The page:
Jack Dee: Off the Telly review, Churchill Theatre, Bromley: the grumpy persona's still a gem, but the jokes are too off-the-peg 

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Comedian Jack Dee
Comedian Jack Dee Credit: Clara Molden

Jack Dee has one joke and does it well. He has perfected it through 34 years in stand-up; he showed it off brilliantly on his sitcom Lead Balloon. Dee, 58, even makes it work on I’m Sorry I Haven’t a Clue – an impressive feat, as the joke should be impossible to pull off on radio, because the joke is a face.

You know the one: that pained sigh-grimace that follows each punchline. It’s the look of a self-centred man endlessly disappointed by the world around him, whose misery stems from the fact he can look no further than his own problems. As comic personas go, it’s a gem. The problem, in his slick but flavourless new tour Off the Telly, is that as soon as he strays from it the wind falls from his sails. While griping about the signifiers of middle-class, middle-aged ennui – Abel & Cole veg boxes, A Place in the Sun – Dee raise a few smiles. But any attempt to satirise the world beyond his personal, peevish experience falls flat.

If you’re not a natural mimic (Dee isn’t), and you’re planning to do a vocal impression of Jean-Claude Juncker, Greta Thunberg or – in 2020, really? – Michael sodding Jackson, you’d better have something at least faintly original to say about them (Dee didn’t). If I sound a bit peevish myself, it’s because Dee is capable of being so much better. Marie Kondo should have been an open goal for him – her “spark joy” philosophy is the antithesis of his – but his abortive routine about her fizzles out almost before it has begun.

The high points tap into his persona’s myopic grinchiness. On Sunday evening, his description of grumpily making a Christmas cake, for instance – “I decorated it to look like sleet” – brought the second of this two-hour show’s five laughs. But during a good-ish routine about men who turn up at his door to sell leftover fish from the restaurant down the road, I couldn’t help wondering if he had acquired some of his gags the same way. Fancy a B-list comic’s bit about Theresa May dancing in South Africa, Mr Dee? Sure, the Best Before date is August 2018, but there’s life in it yet, honest.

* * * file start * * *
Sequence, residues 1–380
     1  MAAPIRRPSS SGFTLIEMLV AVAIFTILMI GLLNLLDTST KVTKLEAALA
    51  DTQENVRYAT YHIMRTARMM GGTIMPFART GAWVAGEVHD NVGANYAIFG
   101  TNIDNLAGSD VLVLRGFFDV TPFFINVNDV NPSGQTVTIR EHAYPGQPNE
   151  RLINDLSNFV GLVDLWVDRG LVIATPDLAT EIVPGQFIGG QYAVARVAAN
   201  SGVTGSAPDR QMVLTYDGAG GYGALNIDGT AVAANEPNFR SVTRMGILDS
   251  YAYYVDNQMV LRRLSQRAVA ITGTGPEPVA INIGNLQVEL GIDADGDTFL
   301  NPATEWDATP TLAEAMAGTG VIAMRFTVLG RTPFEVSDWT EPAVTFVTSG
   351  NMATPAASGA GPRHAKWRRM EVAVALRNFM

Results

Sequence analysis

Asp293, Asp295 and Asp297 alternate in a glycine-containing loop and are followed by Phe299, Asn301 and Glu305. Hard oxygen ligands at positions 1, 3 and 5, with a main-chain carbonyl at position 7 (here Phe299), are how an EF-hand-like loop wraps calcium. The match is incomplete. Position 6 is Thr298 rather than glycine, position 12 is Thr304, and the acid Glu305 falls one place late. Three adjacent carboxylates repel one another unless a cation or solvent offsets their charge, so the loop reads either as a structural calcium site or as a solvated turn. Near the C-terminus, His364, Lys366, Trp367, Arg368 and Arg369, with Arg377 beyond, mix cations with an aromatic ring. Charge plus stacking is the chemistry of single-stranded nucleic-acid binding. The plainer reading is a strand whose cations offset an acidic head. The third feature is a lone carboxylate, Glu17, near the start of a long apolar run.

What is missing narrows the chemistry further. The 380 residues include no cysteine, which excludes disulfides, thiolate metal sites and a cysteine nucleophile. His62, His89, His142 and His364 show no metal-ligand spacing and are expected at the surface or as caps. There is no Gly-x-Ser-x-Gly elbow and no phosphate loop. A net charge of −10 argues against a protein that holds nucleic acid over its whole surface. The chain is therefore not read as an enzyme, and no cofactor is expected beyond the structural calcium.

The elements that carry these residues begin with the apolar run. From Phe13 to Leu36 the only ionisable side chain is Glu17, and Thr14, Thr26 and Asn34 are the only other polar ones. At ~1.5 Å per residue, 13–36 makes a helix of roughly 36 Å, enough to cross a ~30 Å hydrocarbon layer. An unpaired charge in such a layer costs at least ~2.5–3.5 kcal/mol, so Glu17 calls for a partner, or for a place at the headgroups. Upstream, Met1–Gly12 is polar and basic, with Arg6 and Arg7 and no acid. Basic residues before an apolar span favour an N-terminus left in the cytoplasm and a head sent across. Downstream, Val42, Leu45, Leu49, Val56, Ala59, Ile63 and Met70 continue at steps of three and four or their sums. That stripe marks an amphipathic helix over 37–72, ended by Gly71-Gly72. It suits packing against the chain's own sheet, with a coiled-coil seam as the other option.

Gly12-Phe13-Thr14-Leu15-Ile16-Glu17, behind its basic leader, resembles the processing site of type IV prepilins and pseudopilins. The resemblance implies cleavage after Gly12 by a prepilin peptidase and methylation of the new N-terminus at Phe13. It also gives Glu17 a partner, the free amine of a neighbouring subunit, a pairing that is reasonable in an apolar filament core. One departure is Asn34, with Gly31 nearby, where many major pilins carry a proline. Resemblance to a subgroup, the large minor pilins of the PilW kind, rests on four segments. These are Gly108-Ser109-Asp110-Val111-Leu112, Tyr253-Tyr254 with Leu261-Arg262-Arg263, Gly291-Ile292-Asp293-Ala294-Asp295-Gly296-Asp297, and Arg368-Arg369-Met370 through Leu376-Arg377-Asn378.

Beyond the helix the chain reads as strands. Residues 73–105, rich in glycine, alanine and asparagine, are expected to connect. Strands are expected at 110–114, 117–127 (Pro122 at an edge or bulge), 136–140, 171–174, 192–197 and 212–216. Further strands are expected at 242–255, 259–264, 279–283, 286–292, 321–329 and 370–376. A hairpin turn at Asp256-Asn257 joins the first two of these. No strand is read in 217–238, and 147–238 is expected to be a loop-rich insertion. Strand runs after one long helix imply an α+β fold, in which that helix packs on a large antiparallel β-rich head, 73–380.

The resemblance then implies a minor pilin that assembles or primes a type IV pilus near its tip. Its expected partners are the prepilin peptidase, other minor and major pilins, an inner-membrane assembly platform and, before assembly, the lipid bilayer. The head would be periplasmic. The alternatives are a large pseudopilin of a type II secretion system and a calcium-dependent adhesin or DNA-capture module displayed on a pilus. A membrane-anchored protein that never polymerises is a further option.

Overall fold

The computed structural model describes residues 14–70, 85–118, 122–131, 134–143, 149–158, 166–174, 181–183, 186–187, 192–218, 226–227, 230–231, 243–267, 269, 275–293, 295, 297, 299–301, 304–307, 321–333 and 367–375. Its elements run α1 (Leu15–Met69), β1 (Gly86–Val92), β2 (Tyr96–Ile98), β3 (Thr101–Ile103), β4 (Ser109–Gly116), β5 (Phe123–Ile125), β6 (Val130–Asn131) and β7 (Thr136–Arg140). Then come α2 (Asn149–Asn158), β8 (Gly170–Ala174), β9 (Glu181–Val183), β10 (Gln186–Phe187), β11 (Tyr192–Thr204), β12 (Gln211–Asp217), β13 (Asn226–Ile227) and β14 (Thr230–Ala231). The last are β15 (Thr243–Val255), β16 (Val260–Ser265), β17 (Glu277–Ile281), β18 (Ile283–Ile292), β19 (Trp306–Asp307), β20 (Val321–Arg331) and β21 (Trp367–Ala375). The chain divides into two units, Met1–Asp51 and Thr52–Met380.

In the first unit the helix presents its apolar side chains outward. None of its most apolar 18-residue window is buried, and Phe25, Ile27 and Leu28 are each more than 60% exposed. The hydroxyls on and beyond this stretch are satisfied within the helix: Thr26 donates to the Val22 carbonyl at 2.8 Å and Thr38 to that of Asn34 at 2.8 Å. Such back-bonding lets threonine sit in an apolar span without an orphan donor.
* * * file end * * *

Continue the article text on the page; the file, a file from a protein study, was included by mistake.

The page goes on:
Taking the stage at Bromley’s Churchill Theatre in a slate-grey suit, ash-grey shirt and coal-grey tie for this evening of medium-grey observational comedy, Dee had begun the show by stressing his local connections. He mentioned that he grew up in Petts Wood (one of Bromley’s leafier bits), prompting a few not unfriendly heckles of “posh boy!” If fans feel they can call out in reply at his gigs, it’s because having a firmly defined persona inspires intimacy.

Fans feel they know Dee already, can imagine themselves swapping put-downs in the pub. He’s a fixed quantity, and there’s something comforting about that. But it works only when he is being uniquely and specifically himself, telling his one joke, pulling his one face. Off the Telly feels off-the-peg; too many of these jokes could have been written by anyone, told by anyone. Too many have been already.

Touring until June 14; offthekerb.com